Insights into Colaton Raleigh Common

Treated bracken area on Colaton RaleighAutumn is definitely arriving on the Commons, with the birch leaves yellowing, the bracken fronds dying back and the heather beginning to lose its vivid purple hue. Most of the afternoon today was spent mapping management issues on Colaton Raleigh Common as we begin the process of updating our management plan for the Commons over the winter. For the most part this Common is in good condition, although it is still recovering from a large 100ha accidental burn in 2010 which has left much of it as a single age structure which is not ideal for wildlife. Part of the Conservation Trust's work involves mappng all management interventions undertaken during the year to keep a good record of what has been done so we can monitor the impact of our work over time. Hopefully all will be positive for wildlife and access.

The summer period saw significant areas of bracken rolled or mowed, and the impacts of this work are now clearly visible, especially to the south of the B3180 and on the eastern-most portion of the Common. Keeping bracken under control is a major job. With ever increasing amounts of atmospheric nitrogen pollutants being dumped on the heath, bracken is likely to expand in the future and we are monitoring its enchroachment. The best means of controlling bracken is to remove the rhizomes altogther from the soil. Although possible, this is high impact work and a site to dump the material needs to be found. Chemical spraying can also be effective, but rarely eradicates the species altogether. Like all native species, however, in the right location bracken has its place, and as a component within a mosaic of vegetation types it has an important role to play as a wildlife habitat; one of our jobs is to make sure is stays controlled.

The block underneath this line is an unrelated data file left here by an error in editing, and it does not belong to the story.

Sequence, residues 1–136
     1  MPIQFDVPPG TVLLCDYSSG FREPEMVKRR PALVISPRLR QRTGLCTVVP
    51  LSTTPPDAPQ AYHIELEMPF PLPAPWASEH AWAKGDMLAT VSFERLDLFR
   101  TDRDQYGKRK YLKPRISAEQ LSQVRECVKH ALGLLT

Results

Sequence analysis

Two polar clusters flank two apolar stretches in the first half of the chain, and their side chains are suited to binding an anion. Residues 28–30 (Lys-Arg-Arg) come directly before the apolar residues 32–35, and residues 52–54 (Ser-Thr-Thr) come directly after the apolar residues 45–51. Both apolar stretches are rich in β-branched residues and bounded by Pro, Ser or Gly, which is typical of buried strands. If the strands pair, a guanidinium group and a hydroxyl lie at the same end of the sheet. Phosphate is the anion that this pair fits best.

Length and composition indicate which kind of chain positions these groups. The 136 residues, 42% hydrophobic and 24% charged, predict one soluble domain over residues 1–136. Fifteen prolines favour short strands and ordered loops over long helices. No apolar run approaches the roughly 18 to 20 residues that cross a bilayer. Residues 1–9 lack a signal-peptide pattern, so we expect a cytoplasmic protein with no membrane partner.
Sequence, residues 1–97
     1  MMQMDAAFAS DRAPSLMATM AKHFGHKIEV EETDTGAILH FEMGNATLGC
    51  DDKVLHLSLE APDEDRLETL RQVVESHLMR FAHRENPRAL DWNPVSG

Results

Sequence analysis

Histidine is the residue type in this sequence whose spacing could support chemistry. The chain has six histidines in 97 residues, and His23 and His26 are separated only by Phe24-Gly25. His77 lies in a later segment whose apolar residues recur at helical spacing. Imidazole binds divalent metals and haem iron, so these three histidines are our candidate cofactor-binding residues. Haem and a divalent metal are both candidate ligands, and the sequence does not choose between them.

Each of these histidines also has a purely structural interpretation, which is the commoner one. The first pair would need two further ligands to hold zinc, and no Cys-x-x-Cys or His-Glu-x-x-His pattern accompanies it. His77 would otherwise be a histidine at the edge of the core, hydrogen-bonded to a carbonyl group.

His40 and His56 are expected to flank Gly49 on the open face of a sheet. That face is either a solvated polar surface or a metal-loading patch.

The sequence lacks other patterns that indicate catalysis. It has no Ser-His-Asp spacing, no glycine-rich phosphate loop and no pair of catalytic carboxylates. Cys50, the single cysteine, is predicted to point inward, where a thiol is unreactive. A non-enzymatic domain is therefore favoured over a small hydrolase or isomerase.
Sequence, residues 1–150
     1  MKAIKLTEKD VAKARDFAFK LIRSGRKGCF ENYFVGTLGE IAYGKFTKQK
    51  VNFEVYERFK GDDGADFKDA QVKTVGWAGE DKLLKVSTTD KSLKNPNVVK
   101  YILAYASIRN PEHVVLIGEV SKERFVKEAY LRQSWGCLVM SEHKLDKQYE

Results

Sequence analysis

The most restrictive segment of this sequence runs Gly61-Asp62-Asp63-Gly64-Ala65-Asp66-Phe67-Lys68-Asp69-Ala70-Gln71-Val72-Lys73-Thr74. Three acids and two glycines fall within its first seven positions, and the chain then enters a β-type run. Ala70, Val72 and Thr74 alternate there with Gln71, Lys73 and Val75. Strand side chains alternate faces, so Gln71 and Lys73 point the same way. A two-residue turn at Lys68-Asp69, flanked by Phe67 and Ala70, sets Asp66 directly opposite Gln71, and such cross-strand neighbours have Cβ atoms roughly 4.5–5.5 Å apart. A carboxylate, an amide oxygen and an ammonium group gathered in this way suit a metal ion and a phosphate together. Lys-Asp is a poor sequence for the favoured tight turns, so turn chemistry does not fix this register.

Despite entering its annual autumn fade, being a lovely afternoon with views out to sea, the heaths were packed with people. Several dozen Marines in camouflage could be seen undertaking exercises close to where our Devon Red cattle are grazing the southern damselfly site, and I counted upwards of 25 people within ten minutes on the main drag that rises to Woodbury Castle. This included five children treking back to their car head down against the wind. Its always great to see the youngsters out and we do want to encourage more of them to visit. On my way back home I just had time to stop near to Warren Car park and gather blackberries for supper, and was treated to a sight of a green woodpecker scuttling up and down a dead pine trunk.

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